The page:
A recent government audit revealed more than 1 in 4 cases of possible sexual and physical abuse of nursing home patients was never reported to police. The inspector general’s office for the Department of Health and Human Services largely placed the blame on Medicare for failing to enforce a federal law requiring immediate notification of authorities, including law enforcement and state health departments. nursing home abuse lawyer

The inspector general released an “Early Alert” on the matter, which is part of a larger ongoing investigation into nursing home abuse and neglect. Florida was among the states included in the large sampling of cases. Given the Florida Health Care Association’s report that the population of those over 65 will double by 2026 and that 69 percent of those are anticipated to need some type of long-term care, this is not an issue we can afford to ignore.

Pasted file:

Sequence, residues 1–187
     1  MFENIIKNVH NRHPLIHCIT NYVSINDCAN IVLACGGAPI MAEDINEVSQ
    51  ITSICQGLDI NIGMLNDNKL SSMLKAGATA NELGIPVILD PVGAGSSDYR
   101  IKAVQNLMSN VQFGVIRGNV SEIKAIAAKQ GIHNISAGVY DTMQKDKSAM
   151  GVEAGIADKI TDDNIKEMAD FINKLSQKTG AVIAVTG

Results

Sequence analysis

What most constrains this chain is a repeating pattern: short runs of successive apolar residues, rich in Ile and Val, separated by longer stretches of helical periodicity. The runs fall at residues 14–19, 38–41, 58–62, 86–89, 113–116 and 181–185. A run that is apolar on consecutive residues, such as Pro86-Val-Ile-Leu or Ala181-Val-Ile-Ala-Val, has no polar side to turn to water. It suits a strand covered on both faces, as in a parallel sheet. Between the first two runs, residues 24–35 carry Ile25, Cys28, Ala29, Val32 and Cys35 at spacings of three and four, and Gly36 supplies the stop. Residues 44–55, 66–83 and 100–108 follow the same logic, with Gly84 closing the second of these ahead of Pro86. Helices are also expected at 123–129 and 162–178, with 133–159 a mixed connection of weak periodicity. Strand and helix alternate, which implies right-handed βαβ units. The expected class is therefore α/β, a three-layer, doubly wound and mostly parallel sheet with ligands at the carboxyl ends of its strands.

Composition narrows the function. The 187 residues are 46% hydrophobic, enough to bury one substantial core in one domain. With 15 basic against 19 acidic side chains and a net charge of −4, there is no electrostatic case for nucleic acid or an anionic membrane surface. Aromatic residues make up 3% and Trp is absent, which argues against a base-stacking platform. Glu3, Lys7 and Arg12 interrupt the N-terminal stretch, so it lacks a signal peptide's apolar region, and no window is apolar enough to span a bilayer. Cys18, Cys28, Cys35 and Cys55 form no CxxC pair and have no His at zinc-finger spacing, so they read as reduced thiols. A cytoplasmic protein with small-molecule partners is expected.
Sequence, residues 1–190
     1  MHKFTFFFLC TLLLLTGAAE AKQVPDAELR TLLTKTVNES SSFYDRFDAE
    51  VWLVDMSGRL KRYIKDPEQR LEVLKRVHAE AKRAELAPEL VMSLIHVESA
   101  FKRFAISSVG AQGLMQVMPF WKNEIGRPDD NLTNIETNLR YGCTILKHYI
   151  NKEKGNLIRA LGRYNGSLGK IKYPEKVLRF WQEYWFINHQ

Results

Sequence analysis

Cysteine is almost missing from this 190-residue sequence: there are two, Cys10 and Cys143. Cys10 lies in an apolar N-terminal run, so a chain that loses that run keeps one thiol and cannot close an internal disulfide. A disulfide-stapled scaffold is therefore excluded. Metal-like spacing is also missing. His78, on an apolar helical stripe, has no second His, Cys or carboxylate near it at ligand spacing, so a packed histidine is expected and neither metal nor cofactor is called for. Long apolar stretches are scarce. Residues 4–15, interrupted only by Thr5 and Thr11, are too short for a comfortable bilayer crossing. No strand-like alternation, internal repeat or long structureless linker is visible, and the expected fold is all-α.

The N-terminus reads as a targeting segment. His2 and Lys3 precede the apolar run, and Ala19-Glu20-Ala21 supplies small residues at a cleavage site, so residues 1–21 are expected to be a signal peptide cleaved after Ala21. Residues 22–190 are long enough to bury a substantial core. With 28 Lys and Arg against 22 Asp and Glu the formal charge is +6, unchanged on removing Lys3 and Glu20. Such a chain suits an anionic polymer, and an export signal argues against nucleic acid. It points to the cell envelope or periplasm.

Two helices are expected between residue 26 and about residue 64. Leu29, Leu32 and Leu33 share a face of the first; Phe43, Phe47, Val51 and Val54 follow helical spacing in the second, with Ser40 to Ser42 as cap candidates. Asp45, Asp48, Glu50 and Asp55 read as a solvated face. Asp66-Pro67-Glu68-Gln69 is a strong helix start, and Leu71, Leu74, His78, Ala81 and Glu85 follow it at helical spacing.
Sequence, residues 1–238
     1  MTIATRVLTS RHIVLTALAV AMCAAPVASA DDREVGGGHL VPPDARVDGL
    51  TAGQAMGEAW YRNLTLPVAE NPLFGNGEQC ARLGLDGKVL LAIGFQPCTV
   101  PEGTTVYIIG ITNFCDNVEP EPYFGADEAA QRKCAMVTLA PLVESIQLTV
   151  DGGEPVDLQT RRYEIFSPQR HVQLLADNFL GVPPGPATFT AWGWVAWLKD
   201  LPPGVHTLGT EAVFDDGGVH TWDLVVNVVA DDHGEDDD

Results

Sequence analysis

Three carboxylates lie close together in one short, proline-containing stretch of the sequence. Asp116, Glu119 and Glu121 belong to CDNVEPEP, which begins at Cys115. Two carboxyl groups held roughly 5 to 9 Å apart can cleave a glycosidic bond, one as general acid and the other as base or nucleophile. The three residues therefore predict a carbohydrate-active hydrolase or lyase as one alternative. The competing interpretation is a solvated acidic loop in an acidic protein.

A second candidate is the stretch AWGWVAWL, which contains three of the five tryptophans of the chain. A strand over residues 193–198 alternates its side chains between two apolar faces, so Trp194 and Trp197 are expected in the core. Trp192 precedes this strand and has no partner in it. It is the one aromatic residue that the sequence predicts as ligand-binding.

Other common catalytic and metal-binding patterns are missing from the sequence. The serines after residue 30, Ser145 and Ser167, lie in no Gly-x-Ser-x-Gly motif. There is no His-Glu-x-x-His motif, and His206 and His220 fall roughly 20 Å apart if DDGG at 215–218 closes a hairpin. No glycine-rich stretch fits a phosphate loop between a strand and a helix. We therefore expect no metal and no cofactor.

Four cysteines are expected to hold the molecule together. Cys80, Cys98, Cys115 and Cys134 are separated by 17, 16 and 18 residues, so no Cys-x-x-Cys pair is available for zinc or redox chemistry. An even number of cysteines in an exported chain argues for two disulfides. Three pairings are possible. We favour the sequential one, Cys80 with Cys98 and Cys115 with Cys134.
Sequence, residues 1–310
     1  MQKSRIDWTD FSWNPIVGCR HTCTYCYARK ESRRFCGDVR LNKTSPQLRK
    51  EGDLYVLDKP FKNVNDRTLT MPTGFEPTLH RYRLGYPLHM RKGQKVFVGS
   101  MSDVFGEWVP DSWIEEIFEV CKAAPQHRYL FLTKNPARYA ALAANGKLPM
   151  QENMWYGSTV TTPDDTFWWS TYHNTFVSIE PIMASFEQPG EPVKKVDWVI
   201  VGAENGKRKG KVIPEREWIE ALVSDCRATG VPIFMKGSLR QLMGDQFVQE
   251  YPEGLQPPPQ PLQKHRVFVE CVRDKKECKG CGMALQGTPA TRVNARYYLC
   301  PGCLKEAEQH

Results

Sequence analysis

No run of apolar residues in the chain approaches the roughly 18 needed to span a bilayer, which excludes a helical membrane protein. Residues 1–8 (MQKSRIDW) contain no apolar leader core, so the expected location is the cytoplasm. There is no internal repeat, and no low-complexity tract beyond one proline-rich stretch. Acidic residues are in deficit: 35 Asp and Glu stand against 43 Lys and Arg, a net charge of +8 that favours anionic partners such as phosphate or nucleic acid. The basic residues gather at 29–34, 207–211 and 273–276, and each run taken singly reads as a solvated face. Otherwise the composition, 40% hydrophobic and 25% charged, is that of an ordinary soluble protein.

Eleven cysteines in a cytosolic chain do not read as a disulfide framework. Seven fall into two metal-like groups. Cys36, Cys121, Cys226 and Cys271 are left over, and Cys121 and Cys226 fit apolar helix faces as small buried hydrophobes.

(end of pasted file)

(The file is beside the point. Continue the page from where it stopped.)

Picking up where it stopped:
While the number of nursing home residents continues to climb – it’s currently at 1.4 million – issues with quality of care are ongoing. And even though there is an increasing awareness about the potential dangers, serious violations of patients’ rights continue.  Continue reading

Roughly 3 million people are injured annually in car accidents across the U.S. Meanwhile, there are approximately 800,000 bankruptcies filed every year, according to the Administrative Office of the U.S. Courts. In some instances, people who cause car accidents soon thereafter file for Chapter 7 bankruptcy. Except in cases of drunk driving injuries, a Chapter 7 bankruptcy can effectively releasing a negligent driver from the obligation to pay for personal injuries they caused prior to the bankruptcy filing.car accident attorney

However, as a recent case weighed by the Alabama Supreme Court illustrates, that does not mean injured crash victims are without options. Although this is an out-of-state case, there is the potential for similar cases to arise in Florida, and justices are known to look to sister court rulings when weighing similar legal issues.